The Cost of Comfort

Are Modern Conveniences Turning us Soft?

Here in the developed world, we’re spoiled.

Machines do the lion’s share of our physical chores. Vehicles carry our bodies. Soon, I imagine, we’ll have robots whose job it is to chew our foods, do all our thinking for us and even wipe our ars- tears away.

And where our distant ancestors would have been more than content with the essentials: food, water and a warm shelter, most of us would pity any poor wretch without access to a 42 inch TV, decent Wifi and a twelve month subscription to Netflix.

While I wouldn’t have it any other way (I’ve experienced life with a toddler and no washing machine so I know what I’m talking about), I have a sneaking suspicion that all this comfort and convenience might not be such a good thing.

In fact, I think it could be turning us all into grade A milksops.

Let me tell you a story.

A while back I read somewhere online that cold showers were good for you. Apparently they boosted testosterone levels, revved up the metabolism, armour proofed the immune system and as if that wasn’t enough, gave you the mental fortitude of a Victorian eccentric.

Brilliant, I thought.

How hard can it be?

Hard. Actually.

The first time that spray of icy water hit me square in the chest I gasped, swallowing so much (chilly) air, I spent the next half an hour with hiccups.

Not that I was unduly bothered. I was too busy shivering.

But I persevered. My next shower was cold. And the one after that and so on, for about six weeks.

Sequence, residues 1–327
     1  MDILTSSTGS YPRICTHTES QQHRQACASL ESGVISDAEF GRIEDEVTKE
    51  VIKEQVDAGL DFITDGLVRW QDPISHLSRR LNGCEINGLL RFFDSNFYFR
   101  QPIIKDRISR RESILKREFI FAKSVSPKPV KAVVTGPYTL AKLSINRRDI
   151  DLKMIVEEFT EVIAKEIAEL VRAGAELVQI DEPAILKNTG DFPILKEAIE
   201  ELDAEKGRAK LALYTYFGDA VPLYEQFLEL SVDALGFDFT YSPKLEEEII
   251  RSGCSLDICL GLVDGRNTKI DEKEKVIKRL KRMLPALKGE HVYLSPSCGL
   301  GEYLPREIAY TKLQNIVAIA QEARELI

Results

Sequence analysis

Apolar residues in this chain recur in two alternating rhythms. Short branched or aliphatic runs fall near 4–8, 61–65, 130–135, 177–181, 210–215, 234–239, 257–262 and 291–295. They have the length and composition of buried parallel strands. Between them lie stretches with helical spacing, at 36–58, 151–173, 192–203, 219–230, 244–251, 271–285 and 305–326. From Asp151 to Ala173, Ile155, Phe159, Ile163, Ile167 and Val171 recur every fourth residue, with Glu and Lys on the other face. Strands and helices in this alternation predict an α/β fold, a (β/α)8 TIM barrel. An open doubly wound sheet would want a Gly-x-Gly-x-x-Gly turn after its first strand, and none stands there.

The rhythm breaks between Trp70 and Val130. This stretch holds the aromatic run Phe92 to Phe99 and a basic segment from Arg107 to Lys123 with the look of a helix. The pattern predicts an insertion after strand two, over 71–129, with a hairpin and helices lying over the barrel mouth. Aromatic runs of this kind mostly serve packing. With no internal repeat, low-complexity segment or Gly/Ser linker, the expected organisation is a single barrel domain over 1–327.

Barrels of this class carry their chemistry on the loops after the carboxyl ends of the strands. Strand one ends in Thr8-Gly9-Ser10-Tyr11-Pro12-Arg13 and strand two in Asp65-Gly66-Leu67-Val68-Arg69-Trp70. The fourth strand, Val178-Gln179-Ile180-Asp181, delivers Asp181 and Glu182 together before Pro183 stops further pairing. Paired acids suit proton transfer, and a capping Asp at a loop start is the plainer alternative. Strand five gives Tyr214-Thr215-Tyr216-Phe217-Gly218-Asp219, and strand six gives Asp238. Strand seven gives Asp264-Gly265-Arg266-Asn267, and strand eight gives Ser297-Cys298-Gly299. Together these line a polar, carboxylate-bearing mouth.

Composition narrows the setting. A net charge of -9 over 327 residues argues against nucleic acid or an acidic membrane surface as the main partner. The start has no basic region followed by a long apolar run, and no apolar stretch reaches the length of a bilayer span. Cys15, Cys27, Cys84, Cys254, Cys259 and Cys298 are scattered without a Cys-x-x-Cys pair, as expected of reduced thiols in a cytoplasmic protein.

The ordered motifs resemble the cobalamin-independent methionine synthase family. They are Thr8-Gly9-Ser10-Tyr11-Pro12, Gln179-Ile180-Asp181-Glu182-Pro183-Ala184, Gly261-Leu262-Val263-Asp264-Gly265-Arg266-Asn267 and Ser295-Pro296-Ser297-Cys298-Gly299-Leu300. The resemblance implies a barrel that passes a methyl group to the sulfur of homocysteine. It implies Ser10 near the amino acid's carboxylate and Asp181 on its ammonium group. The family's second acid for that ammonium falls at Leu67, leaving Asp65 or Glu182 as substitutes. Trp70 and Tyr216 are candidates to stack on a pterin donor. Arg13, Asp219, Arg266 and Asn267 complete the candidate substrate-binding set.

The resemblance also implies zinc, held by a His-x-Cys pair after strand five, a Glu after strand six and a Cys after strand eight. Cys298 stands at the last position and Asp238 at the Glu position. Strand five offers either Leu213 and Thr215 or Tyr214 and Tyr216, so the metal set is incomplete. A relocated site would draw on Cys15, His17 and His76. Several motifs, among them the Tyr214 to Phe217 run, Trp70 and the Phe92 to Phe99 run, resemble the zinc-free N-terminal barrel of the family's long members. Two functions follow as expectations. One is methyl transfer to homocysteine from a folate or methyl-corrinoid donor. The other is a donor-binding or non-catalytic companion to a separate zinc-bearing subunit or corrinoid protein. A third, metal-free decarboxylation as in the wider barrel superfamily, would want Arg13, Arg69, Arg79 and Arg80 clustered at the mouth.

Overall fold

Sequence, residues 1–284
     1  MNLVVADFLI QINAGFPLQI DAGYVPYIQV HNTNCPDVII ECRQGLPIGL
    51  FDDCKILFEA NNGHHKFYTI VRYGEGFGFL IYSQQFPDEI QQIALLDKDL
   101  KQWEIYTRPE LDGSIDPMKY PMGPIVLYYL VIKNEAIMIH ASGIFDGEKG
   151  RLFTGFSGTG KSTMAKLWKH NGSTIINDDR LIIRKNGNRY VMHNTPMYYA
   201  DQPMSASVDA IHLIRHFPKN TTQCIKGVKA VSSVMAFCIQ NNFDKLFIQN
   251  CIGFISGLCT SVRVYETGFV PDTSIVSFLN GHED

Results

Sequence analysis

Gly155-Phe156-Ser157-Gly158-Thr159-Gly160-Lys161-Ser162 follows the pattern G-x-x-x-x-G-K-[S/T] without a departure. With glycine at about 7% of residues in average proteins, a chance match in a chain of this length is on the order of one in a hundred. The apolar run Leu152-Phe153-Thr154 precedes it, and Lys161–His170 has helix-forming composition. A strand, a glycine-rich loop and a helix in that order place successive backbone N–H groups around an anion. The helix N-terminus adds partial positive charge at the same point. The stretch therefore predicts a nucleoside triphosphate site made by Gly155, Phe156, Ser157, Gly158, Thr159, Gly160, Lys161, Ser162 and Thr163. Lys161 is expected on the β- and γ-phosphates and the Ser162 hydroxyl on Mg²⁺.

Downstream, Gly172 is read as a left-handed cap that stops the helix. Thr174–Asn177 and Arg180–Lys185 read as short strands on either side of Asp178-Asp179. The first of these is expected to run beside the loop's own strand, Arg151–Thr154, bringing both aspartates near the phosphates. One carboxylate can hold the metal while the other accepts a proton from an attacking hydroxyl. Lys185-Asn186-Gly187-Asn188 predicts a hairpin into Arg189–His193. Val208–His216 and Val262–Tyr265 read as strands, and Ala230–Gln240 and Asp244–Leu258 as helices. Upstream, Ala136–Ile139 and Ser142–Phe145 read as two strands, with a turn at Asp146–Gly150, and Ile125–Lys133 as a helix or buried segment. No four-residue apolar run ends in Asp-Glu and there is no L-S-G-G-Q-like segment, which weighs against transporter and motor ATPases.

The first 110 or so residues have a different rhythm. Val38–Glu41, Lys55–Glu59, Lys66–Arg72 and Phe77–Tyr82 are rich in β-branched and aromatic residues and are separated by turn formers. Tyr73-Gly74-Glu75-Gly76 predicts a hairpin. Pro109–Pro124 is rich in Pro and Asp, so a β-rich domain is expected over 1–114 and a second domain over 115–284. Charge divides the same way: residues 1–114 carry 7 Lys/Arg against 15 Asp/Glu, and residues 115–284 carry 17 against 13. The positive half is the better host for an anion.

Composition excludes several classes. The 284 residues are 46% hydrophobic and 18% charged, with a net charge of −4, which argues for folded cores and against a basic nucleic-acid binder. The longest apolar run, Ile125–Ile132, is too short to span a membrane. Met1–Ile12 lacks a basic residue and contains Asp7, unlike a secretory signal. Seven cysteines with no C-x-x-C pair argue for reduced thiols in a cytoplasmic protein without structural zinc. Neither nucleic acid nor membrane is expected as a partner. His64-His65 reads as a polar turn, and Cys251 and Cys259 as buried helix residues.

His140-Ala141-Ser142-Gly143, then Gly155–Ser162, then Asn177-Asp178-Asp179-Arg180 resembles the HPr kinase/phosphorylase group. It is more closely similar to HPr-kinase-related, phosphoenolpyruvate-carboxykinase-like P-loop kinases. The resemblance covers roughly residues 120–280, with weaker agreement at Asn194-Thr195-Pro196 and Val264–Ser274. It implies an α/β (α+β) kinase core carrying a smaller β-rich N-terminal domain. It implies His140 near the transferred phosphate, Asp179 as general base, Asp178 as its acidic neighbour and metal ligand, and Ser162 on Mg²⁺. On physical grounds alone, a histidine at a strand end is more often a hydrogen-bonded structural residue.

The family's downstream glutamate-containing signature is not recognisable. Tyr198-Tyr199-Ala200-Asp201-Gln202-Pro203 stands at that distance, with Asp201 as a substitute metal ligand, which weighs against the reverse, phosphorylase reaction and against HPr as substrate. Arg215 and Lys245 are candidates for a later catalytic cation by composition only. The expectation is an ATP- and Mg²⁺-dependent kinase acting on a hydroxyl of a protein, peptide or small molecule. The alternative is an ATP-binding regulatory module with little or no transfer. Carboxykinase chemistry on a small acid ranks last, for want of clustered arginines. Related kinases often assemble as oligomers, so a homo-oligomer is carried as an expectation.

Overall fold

At this point in the narrative, I imagine you’re expecting me to say that it got easier. That I started to relish that sub Antarctic spume of freezing water. That I found it invigorating. Refreshing.

Well, I didn’t.

I began to dread it. I made excuses not to shower. I got a bit whiffy.

So I quit.

While a return to regular showering has done wonders for my inter personal relations, my ego is left somewhat bruised. Clearly I am a wimp.

A namby-pamby weakling who lacks the strength of character to dip a toe outside of his comfort zone.

Which, while depressing, is at least understandable. Because having lived a sheltered, molly coddled, existence as a child of the technological age, I’ve never really had too.

I’m willing to bet that, in your own way, you’re a bit of a wimp too. Come on, admit it.When was the last time you pushed yourself to do something you found uncomfortable, or demanding, or just a little bit hard?

How many of you rely on your computers calculator, even for the most basic of sums? Do you take the elevator to the top floor, or the stairs?

When was the last time you carried your shopping all the way home instead of driving or taking the bus? How long do you wrestle with a crossword clue before you give in and ask Uncle Google what the answer is?

In the grand scheme of things these might be incredibly minor challenges, but they go someway to proving how cushioned we are in our daily existence.

But the thing is, one day life will invariably throw us a curve ball.

And if we continually shy away from experiences that we find difficult, how do we honestly expect to develop the mental toughness and resilience required to deal with the demands of that situation?

Someone once said ‘it is our struggles that define us’. While that might sound a little bit Nietzschean, they might have hit on something there.

So, my next shower…it’s going to be cold.

Or at the very least lukewarm.

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Author: benrattle

Copywriter, aspiring screenwriter. Push up nut. Coffee drinker.

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